In Orange County, California, where a sparkling glass cathedral estimated to cost over $70 million recently opened, diocesan officials working at the complex received four loans worth at least $3 million.

And elsewhere, a loan of at least $2 million went to the diocese covering Wheeling-Charleston, West Virginia, where a church investigation revealed last year that then-Bishop Michael Bransfield embezzled funds and made sexual advances toward young priests.

Simply being eligible for low-interest loans was a new opportunity. But the church couldn’t have been approved for so many loans — which the government will forgive if they are used for wages, rent and utilities — without a second break.

Religious groups persuaded the Trump administration to free them from a rule that typically disqualifies an applicant with more than 500 workers. Without this preferential treatment, many Catholic dioceses would have been ineligible because — between their head offices, parishes and other affiliates — their employees exceed the 500-person cap.

“The government grants special dispensation, and that creates a kind of structural favoritism,” said Micah Schwartzman, a University of Virginia law professor specializing in constitutional issues and religion who has studied the Paycheck Protection Program. “And that favoritism was worth billions of dollars.”

The amount that the church collected, between $1.4 billion and $3.5 billion, is an undercount. The Diocesan Fiscal Management Conference, an organization of Catholic financial officers, surveyed members and reported that about 9,000 Catholic entities received loans. That is nearly three times the number of Catholic recipients the AP could identify.

The AP couldn’t find more Catholic beneficiaries because the government’s data, released after pressure from Congress and a lawsuit from news outlets including the AP, didn’t name recipients of loans under $150,000 — a category in which many smaller churches would fall. And because the government released only ranges of loan amounts, it wasn’t possible to be more precise.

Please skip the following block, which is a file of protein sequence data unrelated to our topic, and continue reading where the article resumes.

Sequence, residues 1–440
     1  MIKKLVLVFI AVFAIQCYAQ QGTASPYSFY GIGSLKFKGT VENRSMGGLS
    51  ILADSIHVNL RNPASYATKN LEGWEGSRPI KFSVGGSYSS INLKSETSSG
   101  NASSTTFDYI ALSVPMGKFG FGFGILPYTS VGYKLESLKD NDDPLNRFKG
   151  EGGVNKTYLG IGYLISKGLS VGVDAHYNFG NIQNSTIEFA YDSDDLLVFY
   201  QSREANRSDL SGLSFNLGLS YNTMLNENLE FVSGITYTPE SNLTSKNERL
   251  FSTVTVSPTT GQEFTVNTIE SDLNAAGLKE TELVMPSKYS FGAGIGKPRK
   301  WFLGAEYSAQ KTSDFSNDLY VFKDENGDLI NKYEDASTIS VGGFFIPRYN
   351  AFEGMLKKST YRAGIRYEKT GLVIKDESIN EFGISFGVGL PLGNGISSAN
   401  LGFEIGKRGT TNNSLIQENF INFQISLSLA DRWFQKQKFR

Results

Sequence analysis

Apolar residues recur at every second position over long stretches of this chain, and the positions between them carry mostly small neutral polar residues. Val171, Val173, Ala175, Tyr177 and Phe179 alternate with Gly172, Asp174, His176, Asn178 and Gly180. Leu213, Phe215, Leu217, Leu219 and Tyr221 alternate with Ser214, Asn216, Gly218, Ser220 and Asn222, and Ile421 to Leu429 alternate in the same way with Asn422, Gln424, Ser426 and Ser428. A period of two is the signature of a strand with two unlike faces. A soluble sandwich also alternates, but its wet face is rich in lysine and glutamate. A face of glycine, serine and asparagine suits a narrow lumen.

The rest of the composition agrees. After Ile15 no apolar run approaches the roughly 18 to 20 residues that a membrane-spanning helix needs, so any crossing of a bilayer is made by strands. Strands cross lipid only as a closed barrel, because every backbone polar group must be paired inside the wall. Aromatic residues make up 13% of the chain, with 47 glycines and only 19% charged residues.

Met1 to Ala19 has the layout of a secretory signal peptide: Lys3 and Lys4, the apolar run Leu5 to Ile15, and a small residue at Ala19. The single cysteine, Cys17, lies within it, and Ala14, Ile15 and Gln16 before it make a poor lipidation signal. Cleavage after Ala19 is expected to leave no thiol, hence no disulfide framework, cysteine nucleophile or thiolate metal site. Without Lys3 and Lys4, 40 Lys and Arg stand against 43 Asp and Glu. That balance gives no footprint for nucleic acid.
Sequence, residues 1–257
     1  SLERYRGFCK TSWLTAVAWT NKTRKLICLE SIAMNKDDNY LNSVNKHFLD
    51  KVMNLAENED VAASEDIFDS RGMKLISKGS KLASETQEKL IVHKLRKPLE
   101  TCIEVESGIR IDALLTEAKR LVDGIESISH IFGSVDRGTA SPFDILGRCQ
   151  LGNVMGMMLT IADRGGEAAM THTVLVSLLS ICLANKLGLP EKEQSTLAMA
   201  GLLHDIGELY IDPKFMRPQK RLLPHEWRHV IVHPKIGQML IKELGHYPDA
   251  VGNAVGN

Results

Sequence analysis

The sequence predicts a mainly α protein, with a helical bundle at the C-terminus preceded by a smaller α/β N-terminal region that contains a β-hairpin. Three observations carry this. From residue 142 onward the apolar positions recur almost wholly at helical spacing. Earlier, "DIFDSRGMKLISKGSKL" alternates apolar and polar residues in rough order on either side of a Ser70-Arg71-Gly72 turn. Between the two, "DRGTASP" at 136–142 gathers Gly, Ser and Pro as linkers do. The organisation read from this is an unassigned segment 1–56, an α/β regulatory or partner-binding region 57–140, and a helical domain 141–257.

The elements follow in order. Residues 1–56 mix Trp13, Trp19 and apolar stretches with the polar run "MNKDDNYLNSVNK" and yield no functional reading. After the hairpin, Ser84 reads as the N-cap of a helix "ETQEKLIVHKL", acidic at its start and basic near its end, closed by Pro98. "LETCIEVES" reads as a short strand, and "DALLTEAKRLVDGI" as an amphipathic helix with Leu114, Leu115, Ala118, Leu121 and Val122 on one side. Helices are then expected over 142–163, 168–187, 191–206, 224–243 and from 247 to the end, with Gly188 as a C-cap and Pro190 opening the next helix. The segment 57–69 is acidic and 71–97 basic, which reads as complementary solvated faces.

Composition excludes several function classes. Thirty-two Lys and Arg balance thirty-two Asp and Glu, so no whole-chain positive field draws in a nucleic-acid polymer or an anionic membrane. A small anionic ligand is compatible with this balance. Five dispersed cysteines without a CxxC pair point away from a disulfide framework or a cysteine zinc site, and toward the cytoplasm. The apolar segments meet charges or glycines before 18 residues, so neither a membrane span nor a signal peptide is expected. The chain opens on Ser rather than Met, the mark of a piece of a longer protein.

Even without a full accounting, AP’s analysis places the Catholic Church among the major beneficiaries in the Paycheck Protection Program, which also has helped companies backed by celebrities, billionaires, state governors and members of Congress.

The program was open to all religious groups, and many took advantage. Evangelical advisers to President Donald Trump, including his White House spiritual czar, Paula White-Cain, also received loans.

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They should start paying taxes then if they're going to receive taxpayer money.  

Another interesting thing in my town was a charter school that has spent years arguing that it's a public school, received millions of dollars.  The non-charter public schools in town didn't receive any funds.  

Edited by Heron25

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It’s outrageous, but they do count a lot of money that went to their active service side of the house.  I know where I used to work in Mass, the human service arm of the church ran a ton of non profit programming- shelters, food pantries etc.  they were like any other social service agency. I’d assume that’s a fraction of this money though.